EAT YOUR HEART OUT › As we all know from elementary school, Thanksgiving has its origin in the specter of starvation and deprivation staved off by Native Americans arriving to show the colonists a thing or two about surviving in the New World. The pilgrims were so grateful for the help that they threw a three-day party in the fall of 1621 to celebrate the harvest.
But Las Vegas isn’t a very thankful town. There is no harvest to speak of — Mojave Desert, remember? Winter amounts to a few cool, cloudy days, and providence has more to do with the luck of the draw than any spiritual benefactor repaying you for living a moral life.The obsession with food, though, is where the city and the holiday are of one mind. As one well-traveled professional who recently moved to Las Vegas told me, the best restaurants in the world are no longer in New York, Paris or Rome; they’re in Las Vegas. You can dine with superstar chefs including Gordon Ramsay, Wolfgang Puck, Bobby Flay, Rick Moonen and Joël Rubochon — each has a restaurant or restaurants in Las Vegas. You can have African fusion one day, down-home barbecue the next and French bistro cooking the day after. There are so many good restaurants in the city’s Chinatown, it would take months to work through them all — and that’s if you are diligent about it.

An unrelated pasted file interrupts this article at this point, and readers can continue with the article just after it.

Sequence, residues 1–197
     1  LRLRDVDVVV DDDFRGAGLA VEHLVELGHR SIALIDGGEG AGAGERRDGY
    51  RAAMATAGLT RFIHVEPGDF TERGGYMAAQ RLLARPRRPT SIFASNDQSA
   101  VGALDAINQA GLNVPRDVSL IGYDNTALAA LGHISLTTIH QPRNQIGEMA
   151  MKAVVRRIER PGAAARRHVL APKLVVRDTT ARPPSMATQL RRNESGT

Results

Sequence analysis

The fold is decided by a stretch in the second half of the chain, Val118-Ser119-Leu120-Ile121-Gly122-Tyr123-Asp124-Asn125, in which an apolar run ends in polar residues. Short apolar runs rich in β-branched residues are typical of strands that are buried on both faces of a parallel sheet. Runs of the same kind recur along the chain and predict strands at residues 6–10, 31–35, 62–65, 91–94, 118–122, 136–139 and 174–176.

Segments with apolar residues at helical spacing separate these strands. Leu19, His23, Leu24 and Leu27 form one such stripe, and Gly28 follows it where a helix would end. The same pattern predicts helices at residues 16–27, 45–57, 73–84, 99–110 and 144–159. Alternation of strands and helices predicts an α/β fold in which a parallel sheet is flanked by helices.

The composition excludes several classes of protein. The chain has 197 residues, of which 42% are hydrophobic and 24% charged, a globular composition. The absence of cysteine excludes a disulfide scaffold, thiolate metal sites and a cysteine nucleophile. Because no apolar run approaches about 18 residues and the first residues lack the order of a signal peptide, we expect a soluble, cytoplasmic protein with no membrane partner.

And those are just the “typical” offerings — fare available pretty much all day, every day. (It really is possible to get almost anything at any time here.) At Thanksgiving, restaurants all over town show off their culinary moxie with menus unlike anything Mom used to make back in Wichita. Prix fixe feasts are big. In fact, there are dozens of them, ranging in price from about $30 to more than $200 a person, and the choices are overwhelming. A few samples from last year’s Thanksgiving menus around town will give you an idea of the variety on offer: How do lobster bisque, sweetbreads and oysters with wasabi-basil cream at Jean Georges Steakhouse sound as an opener? For the main course? Perhaps wild turkey with chestnuts, cabbage and sage gravy at Bartolotta, Ristorante di Mare. Or maybe foie gras stuffing, which is a combination of all things wonderful, at Comme Ça at The Cosmopolitan of Las Vegas. Then again, across town, Gonzalez Y Gonzalez could be preparing chipotle turkey barbacoa enchiladas with roasted poblano and mashed sweet potatoes. Don’t like turkey? At home, you just suck it up and eat it. In Vegas, you have options, from veal (SW Steakhouse) to venison (Aureole at Mandalay Bay) to bourbon-barrel-aged ham (Table 10 at The Palazzo).
Thanks to the rise of high-end dining, buffets, from the traditional to the opulent, aren’t the center of the dining scene anymore, but they’re still popular with the load-your-plate crowd. The Buffet Bellagio is widely acknowledged as one of the best in town and costs around $45 per person.
So many choices, such a short holiday. Vegas is an argument to return to the original Thanksgiving schedule and stretch the party to three days. (Insider tip: Look for the comprehensive list of menus and prices published each November at www.lasvegassun.com by the Las Vegas Sun.)